Thank you to everyone who came to open house, it was fabulous!!! The band Moonlight Mile was excellent, I thought. The violin and guitar together were relaxing and entertaining. I enjoyed seeing clients outside of the normal appointment setting and meeting new people. I hope you all met our new employees Michelle and Katie and learned something new about our clinic or about veterinary medicine.
If anyone has a burning question about veterinary medicine, or the clinic or me, please ask it here as it will guide me better in what to write about.
For the first time at our open house we had our laser out and Michelle was educating everyone on how it works. I wanted to mention that I just read an article in a recent veterinary publication about Laser Therapy. As many of you know we added Laser therapy to the practice in May.
Current research on lasers confirms that a specific wavelength of coherent light does indeed take away pain and heal tissue. Wavelengths from the mid 700's to the low 900's nanometers (nm) prove to penetrate the deepest and units with power of lower wattage (500 mW or less) can be applied directly to the skin thus delivering a measurable dose of light directly to the underlying tissues. Machines of high power, over 500 mW (some are 10 and 12 Watts) cannot touch the skin directly, must be moved constantly and risk damaging tissue.
I am so proud to say that after months of research I purchased a low power laser with wavelength production of 808 and 905 nm. This means treatments are safe and effective.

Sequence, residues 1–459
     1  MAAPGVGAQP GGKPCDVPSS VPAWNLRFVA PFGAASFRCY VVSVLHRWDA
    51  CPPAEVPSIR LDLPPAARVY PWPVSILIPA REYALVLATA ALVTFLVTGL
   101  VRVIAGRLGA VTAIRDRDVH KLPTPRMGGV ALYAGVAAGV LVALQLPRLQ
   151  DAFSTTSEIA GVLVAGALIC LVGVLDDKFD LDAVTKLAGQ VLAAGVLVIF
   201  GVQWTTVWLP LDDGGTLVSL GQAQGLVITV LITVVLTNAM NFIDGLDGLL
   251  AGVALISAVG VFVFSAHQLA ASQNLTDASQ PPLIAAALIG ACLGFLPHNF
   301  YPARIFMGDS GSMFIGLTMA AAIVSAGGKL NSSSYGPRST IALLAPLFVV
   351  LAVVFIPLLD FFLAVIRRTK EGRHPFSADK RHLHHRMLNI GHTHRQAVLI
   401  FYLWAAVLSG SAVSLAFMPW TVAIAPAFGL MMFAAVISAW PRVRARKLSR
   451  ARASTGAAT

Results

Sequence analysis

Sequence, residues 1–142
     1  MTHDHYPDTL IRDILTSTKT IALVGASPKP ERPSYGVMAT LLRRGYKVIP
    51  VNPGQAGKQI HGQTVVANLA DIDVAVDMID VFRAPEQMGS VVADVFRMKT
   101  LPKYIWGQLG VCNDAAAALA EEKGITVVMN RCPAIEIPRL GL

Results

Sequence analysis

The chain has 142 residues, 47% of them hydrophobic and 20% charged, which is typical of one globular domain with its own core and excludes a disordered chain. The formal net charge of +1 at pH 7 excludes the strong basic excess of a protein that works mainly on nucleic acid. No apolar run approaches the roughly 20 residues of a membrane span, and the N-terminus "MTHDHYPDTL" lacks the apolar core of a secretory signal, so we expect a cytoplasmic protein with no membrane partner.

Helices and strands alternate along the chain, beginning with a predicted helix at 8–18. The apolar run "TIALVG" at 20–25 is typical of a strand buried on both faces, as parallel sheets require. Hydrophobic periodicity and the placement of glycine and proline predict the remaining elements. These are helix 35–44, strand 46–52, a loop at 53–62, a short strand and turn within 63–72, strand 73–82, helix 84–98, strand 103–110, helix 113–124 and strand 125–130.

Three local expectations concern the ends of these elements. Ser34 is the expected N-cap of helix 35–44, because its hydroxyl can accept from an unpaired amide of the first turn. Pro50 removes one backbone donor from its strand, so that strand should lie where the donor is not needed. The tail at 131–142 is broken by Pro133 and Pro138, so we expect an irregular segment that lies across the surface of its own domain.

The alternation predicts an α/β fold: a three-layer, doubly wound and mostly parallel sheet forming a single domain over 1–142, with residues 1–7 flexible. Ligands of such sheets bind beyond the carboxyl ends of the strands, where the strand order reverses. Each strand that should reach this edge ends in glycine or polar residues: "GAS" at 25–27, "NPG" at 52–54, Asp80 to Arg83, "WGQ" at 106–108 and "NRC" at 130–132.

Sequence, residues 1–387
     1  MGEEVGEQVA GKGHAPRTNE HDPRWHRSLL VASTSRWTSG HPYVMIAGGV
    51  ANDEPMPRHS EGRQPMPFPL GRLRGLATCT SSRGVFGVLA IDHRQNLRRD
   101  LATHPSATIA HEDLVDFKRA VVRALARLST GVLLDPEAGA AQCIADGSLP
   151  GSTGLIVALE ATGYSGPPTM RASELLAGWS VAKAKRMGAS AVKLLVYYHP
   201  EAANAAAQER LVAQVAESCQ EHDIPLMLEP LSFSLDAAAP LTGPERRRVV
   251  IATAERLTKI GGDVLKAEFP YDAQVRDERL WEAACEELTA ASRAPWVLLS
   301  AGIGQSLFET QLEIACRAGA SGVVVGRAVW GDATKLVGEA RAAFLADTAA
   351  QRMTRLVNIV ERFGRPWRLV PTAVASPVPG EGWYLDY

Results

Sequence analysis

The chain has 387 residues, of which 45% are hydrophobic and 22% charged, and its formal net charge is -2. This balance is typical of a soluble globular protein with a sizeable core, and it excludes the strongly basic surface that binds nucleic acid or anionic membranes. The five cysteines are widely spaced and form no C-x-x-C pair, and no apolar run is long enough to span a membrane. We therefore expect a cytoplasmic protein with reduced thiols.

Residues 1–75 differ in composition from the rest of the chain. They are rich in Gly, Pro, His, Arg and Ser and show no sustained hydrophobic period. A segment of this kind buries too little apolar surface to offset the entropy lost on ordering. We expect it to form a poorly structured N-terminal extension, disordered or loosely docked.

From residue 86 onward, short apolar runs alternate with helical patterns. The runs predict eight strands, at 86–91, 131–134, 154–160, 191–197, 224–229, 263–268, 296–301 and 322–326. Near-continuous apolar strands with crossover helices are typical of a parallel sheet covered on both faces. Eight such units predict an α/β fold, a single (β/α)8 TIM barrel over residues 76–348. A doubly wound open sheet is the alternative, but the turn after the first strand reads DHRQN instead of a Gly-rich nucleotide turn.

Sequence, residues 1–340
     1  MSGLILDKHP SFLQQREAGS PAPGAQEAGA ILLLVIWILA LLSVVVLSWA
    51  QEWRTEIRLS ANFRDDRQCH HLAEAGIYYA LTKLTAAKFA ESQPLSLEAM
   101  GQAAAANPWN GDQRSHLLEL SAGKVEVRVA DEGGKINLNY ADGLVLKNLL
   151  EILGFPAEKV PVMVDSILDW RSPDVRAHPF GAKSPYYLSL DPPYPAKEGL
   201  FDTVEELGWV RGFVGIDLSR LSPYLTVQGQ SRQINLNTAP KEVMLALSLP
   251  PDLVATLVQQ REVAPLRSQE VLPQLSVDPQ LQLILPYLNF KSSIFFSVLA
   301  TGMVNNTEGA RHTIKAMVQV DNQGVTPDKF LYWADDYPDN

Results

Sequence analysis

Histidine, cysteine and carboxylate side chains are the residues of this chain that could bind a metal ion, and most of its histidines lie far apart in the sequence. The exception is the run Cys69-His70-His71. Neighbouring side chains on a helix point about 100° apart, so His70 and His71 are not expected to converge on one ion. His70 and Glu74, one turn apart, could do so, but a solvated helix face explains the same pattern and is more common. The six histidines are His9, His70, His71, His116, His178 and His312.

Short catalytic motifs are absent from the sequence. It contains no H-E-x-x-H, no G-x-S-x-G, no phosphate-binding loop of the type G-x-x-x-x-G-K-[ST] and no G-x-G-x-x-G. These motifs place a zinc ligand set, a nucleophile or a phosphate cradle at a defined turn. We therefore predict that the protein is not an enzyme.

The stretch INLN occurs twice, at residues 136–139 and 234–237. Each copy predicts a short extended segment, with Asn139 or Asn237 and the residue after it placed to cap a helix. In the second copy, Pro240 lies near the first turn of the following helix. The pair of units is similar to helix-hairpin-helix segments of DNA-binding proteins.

All dogs and cats with knee, elbow and hip arthritis and pain are great candidates for this treatment. It is possible they can be maintained with laser treatment alone and not have to use drugs for pain.
I'll sign off for now.
Thursday, August 18, 2011
I would like to talk about preventative medicine. Why is it hard for people to enact preventative medicine for themselves and their pets? I think it is because we cannot measure what we prevented.
Modern medicine is held to a standard of “evidence-based” medicine. Essentially this means there are double blind studies to back up any and all treatments we provide. A drug or surgical treatment is given to a large number of dogs or cats with a disease, most of the animals benefit. At the same time the dog or cat not given the treatment must not gain a benefit. This is a good standard to maintain.
Two areas of research in support of preventative medicine come to mind. In 2002 a study reported that 25% food reduction in a group of Labrador Retrievers enjoyed a significantly longer life span than the control group who ate more food. We have also know for many years that having a female dog spayed before her first heat nearly eliminates her risk of getting mammary cancer (known as breast cancer in women). If you wait until after the second heat to have a female dog spayed then her chance of getting mammary cancer is 25%. These results really motivate me to recommend spaying your female dog before her first heat and to advise all pet owners to restrict caloric intake throughout life.